Thinking of starting a limited liability corporation? If so, you're not alone. About 80 percent to 90 percent of new practices choose that form of business structure, according to Philip Palaveev, senior consultant at Moss Adams, a Seattle accounting firm specializing in financial advisors, thanks to their tax and other advantages.
But, just because everyone's doing it, doesn't mean LLCs are foolproof. In fact, like any type of business arrangement, they're rife with pitfalls. “They're tricky,” says Stuart Silverman, president of Fusion Financial Group in Elmsford, N.Y., which provides marketing, consulting and broker/dealer services to 125 advisories. He recalls a three-person partnership with two high-flying producers and one ne'er-do-well, who seldom even showed up at the office. The partners in the LLC had created a complicated revenue-sharing formula to divvy up the profits, but it did not anticipate the nonperformance of one player. Eventually, they dissolved the LLC and formed a new one — with two partners.
The message: Enter into an LLC, by all means. But do so with your eyes wide open and don't expect that a solid legal structure will protect you against the human factors that make or break a partnership. While you can't guarantee that your venture will succeed, you can go a long way toward preventing it from imploding or, worse, landing you in court. “I think partnerships are wonderful, if structured fairly,” says Silverman.
Financial advisors — and other small professional-services operations — are drawn to the LLC structure for many reasons. But foremost among these are the tax advantages: LLCs allow owners to pass through their earnings as personal income. that eliminates the corporate tax on earnings that so-called C corporations pay. S corporations also allow owners to pass through earnings as personal income, but they are less flexible than LLCs when it comes to restrictions on the type of stock they can distribute and the number of shareholders.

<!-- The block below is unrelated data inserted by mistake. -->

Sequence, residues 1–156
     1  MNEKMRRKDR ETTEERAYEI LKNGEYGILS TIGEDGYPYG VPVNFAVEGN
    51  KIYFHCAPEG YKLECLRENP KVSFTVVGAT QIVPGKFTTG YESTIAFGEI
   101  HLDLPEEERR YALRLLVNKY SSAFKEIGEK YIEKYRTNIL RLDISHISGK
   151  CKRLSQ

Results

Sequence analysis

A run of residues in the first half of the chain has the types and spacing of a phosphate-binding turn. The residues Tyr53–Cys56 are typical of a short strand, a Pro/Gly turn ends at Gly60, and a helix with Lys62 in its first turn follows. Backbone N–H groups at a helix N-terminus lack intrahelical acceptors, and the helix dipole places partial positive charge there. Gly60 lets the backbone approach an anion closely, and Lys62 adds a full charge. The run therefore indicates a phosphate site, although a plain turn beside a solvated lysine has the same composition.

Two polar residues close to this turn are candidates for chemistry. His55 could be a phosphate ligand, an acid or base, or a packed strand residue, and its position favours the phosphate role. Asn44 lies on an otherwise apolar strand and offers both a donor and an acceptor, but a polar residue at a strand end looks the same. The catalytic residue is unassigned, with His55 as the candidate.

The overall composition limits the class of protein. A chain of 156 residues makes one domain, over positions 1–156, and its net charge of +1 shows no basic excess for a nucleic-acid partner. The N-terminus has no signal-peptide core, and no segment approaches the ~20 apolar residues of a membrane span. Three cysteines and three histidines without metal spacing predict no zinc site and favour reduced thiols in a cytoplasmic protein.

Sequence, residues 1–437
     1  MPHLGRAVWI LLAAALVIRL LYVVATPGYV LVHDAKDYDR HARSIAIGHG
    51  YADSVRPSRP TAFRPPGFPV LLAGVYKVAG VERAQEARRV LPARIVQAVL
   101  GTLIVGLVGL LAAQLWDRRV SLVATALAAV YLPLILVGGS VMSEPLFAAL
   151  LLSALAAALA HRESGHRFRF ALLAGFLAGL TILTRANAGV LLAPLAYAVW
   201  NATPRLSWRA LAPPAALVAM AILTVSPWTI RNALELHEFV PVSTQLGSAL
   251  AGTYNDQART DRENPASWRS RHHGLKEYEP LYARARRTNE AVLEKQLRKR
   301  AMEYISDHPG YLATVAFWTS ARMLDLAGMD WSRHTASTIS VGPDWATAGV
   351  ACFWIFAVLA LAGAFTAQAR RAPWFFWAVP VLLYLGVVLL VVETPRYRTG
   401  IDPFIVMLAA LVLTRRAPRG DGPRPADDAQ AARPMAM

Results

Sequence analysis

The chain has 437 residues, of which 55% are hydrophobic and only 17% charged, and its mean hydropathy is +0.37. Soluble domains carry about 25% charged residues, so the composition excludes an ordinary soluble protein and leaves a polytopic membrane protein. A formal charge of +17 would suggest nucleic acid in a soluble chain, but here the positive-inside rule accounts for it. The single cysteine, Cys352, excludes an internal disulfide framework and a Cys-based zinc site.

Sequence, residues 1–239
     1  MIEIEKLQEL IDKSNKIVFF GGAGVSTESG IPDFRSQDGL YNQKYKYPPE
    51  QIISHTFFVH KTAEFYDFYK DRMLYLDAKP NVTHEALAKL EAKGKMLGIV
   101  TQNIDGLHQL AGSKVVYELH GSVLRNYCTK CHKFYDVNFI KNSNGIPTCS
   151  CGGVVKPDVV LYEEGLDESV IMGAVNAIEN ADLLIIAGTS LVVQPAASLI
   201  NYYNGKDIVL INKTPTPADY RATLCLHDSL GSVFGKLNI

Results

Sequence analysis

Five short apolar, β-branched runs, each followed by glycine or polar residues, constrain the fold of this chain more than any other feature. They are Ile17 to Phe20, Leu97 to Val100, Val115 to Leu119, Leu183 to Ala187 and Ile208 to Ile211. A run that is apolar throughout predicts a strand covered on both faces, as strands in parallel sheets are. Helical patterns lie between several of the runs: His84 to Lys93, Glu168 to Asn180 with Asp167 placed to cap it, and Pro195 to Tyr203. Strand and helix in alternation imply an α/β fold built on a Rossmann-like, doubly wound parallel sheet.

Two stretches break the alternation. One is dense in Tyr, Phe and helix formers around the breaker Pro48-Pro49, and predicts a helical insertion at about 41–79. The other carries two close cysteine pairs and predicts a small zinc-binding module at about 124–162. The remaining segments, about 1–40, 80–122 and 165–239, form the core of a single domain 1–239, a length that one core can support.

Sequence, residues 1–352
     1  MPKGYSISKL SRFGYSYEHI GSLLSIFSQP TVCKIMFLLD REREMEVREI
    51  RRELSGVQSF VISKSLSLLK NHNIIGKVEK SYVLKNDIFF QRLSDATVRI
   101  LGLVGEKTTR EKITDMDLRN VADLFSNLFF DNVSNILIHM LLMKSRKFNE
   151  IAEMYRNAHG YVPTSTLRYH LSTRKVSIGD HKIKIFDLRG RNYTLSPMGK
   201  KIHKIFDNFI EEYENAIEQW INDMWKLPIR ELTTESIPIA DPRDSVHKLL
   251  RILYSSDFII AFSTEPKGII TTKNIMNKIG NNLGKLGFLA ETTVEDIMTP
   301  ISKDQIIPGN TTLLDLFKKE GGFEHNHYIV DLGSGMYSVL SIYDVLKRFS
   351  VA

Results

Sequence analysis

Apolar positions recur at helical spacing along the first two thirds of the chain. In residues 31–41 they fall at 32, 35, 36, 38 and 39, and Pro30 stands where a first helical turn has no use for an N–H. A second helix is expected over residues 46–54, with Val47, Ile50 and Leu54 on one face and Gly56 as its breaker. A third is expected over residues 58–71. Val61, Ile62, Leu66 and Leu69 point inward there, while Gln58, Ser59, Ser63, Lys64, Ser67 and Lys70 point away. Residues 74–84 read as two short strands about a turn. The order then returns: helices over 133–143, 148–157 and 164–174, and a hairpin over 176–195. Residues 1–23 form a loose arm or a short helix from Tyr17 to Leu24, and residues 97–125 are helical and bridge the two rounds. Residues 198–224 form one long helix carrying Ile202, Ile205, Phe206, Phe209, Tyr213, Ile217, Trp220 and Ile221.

So, LLCs seem to have all the advantages. But they are also tricky to live with. The first delicate area has to do with deciding how the money is divvied up. Many advisors go into partnerships for the simple purpose of achieving economies of scale. Typically, they keep the fees they make from the clients they serve and put a certain percentage into a collectible pot for fixed expenses. The result can be a significant reduction in costs for each advisor.
Scott Schwartz, of SAS Financial Advisors in San Mateo, Calif., says his expenses have gone down as much as 30 percent since taking on a partner two years ago. Even if you intend to have a different arrangement down the line, some experts advise that you start out with this mine/ours approach, until you're really sure the partnership can work.
On the other hand, other advisors prefer sharing revenues right way. When he took on a partner three years ago, David Berman, of Berman McAleer in Baltimore, rejected what he calls “the eat-what-you-kill arrangement” in favor of sharing revenues 50-50 immediately.
“I was willing to risk losing some revenue in exchange for the comfort of knowing I wasn't hanging out there by myself,” says Berman. The bet has paid off. Revenues are up about 85 percent over the last three years.